Intrigue Me

Know that I’ve already read your resume and have a pretty good idea of what you can do based on it. Beyond that, the interview will be about whether I think a) you were truthful in your resume, b) you will be the right type of culture fit for the company and, c) whether I believe I can impart trust on you to do the work and take on the responsibility of being employed in a remote work environment. I will have most likely made up my mind about that within the first three minutes of your interview. If your interview feels like it ran short, you can probably see that as an indication that you didn’t tick all three of those boxes in those first few minutes. Any time I give you after that is a courtesy really.

Be Yourself!

Be yourself.  Don’t lie about who you are and what you can do. I’ll know, I assure you. If you have conducted as many interviews, for as many positions as I have, you can spot when people are lying pretty easily. But, if I don’t spot it and I find out later, expect there to be consequences to that. It really serves no purpose to try and pull the wool over the eyes of a prospective employer.  You’ll probably be spotted doing it and dismissed as a candidate. If not, you’ll most likely find yourself in a job that is way over your head, which will lead you to trouble and you’ll probably get given the boot pretty quickly.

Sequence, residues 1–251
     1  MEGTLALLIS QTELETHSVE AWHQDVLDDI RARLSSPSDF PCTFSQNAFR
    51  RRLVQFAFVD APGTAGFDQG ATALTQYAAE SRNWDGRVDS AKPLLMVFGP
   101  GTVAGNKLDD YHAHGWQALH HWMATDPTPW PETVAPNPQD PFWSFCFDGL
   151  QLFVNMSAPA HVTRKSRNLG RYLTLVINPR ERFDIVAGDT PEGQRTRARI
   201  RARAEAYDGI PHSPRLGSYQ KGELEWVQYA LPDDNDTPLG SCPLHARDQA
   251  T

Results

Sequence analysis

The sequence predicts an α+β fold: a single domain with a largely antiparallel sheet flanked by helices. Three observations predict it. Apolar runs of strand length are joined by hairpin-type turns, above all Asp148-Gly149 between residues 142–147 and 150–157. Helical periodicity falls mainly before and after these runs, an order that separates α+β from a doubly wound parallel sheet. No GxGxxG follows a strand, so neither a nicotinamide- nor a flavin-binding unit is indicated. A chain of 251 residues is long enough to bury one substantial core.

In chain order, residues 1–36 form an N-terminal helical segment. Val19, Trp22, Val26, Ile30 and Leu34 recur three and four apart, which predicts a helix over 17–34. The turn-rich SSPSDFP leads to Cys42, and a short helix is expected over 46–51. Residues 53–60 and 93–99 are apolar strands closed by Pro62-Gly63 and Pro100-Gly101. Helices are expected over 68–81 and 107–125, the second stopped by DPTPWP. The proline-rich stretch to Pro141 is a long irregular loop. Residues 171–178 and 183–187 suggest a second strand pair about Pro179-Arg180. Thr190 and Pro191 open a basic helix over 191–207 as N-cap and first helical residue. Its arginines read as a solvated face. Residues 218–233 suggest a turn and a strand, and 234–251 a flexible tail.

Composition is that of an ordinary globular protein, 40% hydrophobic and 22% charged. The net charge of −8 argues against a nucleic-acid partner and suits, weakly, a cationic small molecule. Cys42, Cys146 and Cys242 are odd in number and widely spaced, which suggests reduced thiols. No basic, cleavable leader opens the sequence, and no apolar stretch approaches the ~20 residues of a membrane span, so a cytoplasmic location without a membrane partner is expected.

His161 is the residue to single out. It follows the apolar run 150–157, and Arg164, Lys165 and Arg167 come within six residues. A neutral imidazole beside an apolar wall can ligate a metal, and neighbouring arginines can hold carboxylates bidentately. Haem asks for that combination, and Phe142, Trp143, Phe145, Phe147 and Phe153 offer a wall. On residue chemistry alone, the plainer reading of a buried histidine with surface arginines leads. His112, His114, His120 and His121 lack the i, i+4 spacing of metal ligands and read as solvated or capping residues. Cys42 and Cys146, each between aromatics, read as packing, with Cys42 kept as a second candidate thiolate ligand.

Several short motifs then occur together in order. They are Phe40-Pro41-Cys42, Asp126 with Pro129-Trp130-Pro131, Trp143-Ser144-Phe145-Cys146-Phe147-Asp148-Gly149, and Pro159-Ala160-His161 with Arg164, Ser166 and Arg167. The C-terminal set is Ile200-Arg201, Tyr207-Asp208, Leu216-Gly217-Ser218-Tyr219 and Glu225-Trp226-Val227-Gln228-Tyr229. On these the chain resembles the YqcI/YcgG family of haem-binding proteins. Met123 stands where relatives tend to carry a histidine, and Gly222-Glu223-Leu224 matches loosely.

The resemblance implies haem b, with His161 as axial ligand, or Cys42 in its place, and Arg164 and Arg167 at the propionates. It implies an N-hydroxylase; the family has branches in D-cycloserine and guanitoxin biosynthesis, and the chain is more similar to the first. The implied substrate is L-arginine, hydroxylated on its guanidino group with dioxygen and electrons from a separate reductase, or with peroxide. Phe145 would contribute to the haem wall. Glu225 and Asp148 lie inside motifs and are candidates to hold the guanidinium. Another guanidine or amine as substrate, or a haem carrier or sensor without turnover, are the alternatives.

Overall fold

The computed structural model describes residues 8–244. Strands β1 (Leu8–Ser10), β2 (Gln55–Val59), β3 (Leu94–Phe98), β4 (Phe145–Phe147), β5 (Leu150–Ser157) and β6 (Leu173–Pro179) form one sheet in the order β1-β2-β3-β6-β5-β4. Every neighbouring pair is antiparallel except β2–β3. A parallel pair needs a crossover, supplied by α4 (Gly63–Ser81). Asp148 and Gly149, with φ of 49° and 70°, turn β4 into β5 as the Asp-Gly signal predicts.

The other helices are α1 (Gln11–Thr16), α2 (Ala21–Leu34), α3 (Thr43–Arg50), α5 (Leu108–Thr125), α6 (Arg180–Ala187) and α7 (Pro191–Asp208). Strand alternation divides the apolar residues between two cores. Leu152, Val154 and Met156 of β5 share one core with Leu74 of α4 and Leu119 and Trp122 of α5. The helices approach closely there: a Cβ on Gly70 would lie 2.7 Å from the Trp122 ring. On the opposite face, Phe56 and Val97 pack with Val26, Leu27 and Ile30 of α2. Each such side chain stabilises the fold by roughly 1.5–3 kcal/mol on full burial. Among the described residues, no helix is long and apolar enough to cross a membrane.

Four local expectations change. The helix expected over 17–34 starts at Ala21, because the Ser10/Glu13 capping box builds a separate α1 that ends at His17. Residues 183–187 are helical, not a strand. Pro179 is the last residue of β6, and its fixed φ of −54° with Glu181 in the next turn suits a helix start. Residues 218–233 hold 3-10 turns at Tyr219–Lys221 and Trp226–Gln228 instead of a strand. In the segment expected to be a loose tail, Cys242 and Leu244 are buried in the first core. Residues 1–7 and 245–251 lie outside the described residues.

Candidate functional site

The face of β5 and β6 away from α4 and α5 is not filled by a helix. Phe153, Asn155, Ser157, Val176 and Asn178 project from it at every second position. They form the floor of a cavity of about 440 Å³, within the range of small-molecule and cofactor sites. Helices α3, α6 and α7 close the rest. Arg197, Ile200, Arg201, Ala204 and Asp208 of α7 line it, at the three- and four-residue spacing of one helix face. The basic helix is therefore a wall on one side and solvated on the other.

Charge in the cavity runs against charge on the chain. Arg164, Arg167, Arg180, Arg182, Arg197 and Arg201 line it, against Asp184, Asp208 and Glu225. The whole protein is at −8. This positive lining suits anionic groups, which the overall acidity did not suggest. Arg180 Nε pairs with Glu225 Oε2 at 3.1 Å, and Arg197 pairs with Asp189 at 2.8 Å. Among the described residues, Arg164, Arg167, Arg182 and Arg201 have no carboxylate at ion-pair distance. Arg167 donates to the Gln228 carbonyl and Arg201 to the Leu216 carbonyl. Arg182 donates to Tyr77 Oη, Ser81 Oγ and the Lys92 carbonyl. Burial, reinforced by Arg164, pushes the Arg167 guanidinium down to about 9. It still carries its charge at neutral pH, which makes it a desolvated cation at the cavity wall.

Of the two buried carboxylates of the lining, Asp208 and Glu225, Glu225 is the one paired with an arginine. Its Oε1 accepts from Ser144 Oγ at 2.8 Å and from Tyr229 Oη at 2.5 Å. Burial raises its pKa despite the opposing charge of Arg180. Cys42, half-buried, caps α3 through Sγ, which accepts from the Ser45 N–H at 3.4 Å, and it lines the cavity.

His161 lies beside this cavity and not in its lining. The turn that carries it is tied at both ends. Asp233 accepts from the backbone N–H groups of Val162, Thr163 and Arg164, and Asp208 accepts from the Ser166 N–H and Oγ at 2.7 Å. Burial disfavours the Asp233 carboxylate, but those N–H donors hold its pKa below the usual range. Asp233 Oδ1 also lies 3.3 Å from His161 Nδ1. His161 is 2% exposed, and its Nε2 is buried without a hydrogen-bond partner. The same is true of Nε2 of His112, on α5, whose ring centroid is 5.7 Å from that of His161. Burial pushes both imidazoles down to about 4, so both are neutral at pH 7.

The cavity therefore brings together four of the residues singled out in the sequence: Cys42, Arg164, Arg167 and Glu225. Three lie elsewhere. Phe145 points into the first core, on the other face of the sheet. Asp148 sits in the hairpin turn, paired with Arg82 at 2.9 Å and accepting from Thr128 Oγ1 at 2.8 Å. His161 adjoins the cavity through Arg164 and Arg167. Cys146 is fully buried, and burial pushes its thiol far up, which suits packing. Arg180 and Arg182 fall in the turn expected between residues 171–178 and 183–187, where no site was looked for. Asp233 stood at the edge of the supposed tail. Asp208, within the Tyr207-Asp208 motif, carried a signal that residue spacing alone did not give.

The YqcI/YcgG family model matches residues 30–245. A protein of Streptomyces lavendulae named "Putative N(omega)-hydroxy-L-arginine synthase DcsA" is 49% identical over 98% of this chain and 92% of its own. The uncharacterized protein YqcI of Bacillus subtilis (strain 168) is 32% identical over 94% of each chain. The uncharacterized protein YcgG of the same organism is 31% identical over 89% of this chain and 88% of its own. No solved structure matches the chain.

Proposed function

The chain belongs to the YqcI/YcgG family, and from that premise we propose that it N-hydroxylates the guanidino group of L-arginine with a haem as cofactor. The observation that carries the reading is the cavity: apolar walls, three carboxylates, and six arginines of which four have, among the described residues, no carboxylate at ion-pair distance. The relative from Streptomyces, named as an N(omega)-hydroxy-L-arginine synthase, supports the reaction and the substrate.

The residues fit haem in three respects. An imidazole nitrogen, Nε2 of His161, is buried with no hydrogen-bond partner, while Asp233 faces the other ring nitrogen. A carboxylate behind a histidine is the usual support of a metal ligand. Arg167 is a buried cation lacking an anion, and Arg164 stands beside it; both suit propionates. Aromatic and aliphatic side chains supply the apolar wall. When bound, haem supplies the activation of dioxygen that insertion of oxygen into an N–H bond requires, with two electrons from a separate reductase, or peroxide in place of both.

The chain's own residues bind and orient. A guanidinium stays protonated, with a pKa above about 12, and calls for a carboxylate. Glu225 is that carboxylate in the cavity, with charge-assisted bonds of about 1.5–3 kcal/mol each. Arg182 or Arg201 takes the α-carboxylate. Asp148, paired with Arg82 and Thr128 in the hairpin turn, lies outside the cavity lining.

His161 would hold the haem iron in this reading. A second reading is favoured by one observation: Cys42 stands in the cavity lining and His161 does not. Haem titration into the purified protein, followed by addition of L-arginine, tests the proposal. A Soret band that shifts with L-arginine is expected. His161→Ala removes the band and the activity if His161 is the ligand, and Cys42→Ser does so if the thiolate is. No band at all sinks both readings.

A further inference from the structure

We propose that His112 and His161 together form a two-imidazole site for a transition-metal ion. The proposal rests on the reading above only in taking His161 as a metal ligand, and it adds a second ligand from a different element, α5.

That will need to go on your resume for the next job you apply for. It’s not fun to explain to the next hiring person why you had to leave a job after a month or so and why you don’t want to pop them down as a reference. You’ll probably end up lying to them about it and leaving a gap in your resume. Then the vicious cycle starts again. The thing about lying is that there’s no way back from it once you start doing it. There always needs to be another lie to cover up the last one. Better off telling the truth in all cases. I find people are usually way more understanding of any truth than of any lie.

To Sum it Up

These things seem like complete no-brainers but each one comes from a multitude of experiences of people coming to interviews and breaking these simple guidelines. Not a single experience… multiple ones! Obviously, those people didn’t get the job and they may have been otherwise qualified for it. If there’s another candidate that abides by the above five rules that has the same qualifications as you, you lose, they win. You might be up for a job with a hundred other applicants. There might be twenty or thirty that are granted first interviews from that pile of resumes. If you want the job, you want to give yourself the best chances of getting it.  So I wouldn’t take the risk that you’ll be sitting across the digital table from someone like me and that they might hold such things against you when they’re deliberating who is going to join their team.